Story 7 - 7/12/2011
A Brighter Summer under the Ice
While Venice and other coastal cities around the world are slowly sinking, during the Arctic summer the waters underneath the ice become brighter and brighter. Are these two scenarios connected to the continuous thinning of Arctic ice?
A patchy summer landscape. In summer, off the north coast of Alaska, the Chukchi and Beaufort Seas are a mosaic of open water, bare ice and melt ponds. Courtesy of Bonnie Light.
Alaska, Summer 2010. It is a cold, yet sunny day over the ice, with mild temperatures around zero degrees Celsius. Quite normal for Arctic summers! But there is something strange below the ice: a diffuse light, brighter than expected. The three North American researchers who performed the field measurements Karen E. Frey at Clark University (Worcester, Massachusetts), Donald K. Perovich at Dartmouth College (Hanover, New Hampshire), and Bonnie Light at the University of Washington (Seattle, Washington) are very careful not to jump to conclusions, but these findings are quite puzzling. Is this increased brightness
a consequence of global warming? And what impact could it have on the Arctic ecosystem?
According to Perovich, the main reason for this unexpected brightness is "the shift from sea ice that is several years old and thicker, to sea ice that is only one year old and thinner." In water lying under thick bare ice, sunlight becomes fainter and fainter as we submerge deeper and deeper. However, and whether due to global warming or other local factors, ice in the Arctic has been increasingly melting over the past years, slowly thinning from perennial ice to first-year ice. Should we happen to visit the Chukchi and Beaufort Seas off the north coast of Alaska in the summer, for example, we will be presented with a mosaic of open water, bare ice and melt ponds, a patched composition of shades of blues and whites. Little data exists about the light distribution beneath this patched landscape; "we have precious few measurements of light transmittance," Light explains.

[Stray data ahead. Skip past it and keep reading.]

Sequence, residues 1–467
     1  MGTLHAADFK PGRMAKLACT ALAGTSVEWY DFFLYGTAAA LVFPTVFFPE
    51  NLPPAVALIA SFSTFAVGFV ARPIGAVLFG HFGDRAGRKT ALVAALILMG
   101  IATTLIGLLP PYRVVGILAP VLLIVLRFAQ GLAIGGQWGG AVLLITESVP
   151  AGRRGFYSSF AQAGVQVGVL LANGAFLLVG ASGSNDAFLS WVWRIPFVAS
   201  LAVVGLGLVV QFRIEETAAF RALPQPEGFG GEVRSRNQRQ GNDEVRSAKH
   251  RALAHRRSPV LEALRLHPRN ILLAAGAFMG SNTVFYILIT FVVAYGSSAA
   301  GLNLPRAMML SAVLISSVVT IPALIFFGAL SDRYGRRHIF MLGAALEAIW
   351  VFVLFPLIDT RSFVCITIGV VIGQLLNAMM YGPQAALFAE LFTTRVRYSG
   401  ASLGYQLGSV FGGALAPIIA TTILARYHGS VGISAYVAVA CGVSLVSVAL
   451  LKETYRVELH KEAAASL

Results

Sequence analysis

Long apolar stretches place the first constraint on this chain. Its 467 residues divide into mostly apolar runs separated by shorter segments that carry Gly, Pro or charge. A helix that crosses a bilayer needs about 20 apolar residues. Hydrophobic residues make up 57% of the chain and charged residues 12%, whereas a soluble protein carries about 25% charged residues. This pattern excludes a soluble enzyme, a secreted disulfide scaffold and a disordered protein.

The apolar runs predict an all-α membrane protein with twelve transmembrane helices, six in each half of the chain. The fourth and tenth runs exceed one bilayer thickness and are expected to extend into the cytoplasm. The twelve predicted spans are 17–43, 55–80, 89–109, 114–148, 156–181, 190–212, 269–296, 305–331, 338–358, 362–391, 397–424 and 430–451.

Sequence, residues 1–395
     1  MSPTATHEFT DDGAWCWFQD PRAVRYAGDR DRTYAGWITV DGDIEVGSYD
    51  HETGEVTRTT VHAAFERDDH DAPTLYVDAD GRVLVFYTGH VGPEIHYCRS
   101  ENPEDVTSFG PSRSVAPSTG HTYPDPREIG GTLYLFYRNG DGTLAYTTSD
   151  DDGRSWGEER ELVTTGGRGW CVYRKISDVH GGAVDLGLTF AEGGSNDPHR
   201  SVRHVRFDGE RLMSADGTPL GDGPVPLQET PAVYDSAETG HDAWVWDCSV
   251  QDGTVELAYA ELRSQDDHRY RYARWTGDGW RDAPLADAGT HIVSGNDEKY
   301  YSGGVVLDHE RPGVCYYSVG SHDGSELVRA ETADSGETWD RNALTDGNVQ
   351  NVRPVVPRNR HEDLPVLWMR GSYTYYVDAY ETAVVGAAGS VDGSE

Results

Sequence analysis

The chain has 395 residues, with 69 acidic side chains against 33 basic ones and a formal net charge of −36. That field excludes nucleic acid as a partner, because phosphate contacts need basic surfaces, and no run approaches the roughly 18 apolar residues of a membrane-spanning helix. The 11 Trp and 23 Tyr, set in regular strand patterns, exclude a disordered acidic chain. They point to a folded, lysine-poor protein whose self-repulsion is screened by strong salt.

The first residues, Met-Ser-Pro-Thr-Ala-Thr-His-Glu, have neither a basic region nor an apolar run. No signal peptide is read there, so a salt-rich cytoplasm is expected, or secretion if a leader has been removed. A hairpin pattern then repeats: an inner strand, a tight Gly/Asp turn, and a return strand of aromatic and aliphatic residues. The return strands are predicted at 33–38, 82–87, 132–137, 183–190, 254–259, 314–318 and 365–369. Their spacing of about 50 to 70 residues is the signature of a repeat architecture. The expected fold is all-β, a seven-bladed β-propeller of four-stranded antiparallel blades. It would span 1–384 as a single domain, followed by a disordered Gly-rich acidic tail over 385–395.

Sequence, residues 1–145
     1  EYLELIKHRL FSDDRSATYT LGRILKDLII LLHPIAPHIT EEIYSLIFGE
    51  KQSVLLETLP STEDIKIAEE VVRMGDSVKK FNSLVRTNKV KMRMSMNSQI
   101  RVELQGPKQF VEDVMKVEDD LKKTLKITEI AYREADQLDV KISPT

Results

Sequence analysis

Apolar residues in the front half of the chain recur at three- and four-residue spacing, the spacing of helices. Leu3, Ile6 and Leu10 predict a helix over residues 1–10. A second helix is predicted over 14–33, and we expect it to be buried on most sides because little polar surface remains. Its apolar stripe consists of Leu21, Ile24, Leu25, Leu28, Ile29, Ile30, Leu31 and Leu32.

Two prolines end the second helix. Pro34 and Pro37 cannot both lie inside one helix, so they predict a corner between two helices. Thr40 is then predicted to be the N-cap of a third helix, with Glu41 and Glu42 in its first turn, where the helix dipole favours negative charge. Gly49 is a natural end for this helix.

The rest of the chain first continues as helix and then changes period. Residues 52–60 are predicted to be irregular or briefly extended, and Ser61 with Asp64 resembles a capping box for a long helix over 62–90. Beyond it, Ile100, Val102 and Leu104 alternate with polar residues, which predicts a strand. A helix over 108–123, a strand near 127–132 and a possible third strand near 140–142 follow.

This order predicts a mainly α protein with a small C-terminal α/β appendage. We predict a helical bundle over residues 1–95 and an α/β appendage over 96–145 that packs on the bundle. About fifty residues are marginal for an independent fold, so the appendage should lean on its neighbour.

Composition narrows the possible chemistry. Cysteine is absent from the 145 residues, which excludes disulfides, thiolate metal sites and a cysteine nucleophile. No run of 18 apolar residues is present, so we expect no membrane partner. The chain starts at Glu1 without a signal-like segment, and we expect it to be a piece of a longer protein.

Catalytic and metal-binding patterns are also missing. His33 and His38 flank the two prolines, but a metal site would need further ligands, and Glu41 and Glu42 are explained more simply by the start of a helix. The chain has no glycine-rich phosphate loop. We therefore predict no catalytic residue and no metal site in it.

The observations by the three North American scientists show some unexpected results. Moving along the water column beneath the bare ice, the brightest areas are not immediately below the surface, but about five to ten meters deeper; only after this peak does the sea become, as expected, darker and darker the deeper we go. As Light confirms, "what was unexpected was the amount of light observed at depth in the water column beneath the bare ice." What could be the reason for such behavior? The first thing to take into account is that, in the patched landscape of the Chukchi and Beaufort Seas, melt ponds transmit ten times more light than bare ice. This allows sunlight to penetrate deeper into the water below the ponds. Yet, this alone cannot explain why the distribution of light below the ice is so unexpected. The second factor, in fact, is that the ice scatters this light in such a way that some of it can be observed at depth, exactly five to ten meters below the bare ice.
At work under the ice. The team of researchers is measuring the light transmittance below the ice in the Arctic. Courtesy of Donald K. Perovich.
also implies warmer
. The fact that "the amount of sunlight transmitted through the ice into the upper ocean is increasing," Perovich explains, "means that more light is available for biological activity and warming of the ocean." Nonetheless, the implications of this increased brightness on the Arctic ecosystem are "a topic for ongoing research," Light admits. "This work is a piece of the puzzle for understanding how sunlight interacts with sea ice. During the summer melt season, an ice cover can have strong horizontal inhomogeneity in its optical characteristics, and this study has allowed us to look at how the effects of this inhomogeneity are spatially distributed." And she adds: "Clearly the vertical and horizontal distribution of shortwave radiation beneath an ice cover will affect the spatial distribution of water column heating and the availability of light for primary production."
The precise long-term implications of these findings remain to be seen. However, as concepts such as global warming
and ice-caps melting
become more and more common in our everyday vocabulary, these new findings provide us with new experimental evidence as to how events are tightly interconnected, and as to how small changes may alter apparently solid equilibria on our planet.
2011 © Optics & Photonics Focus
GV is currently working on his doctoral thesis at ICFO - The Institute of Photonic Sciences, Barcelona (Spain).
Karen E. Frey, Donald K. Perovich & Bonnie Light, The spatial distribution of solar radiation under a melting Arctic sea ice cover, Geophysical Research Letters (2011) 38, L22501 (link).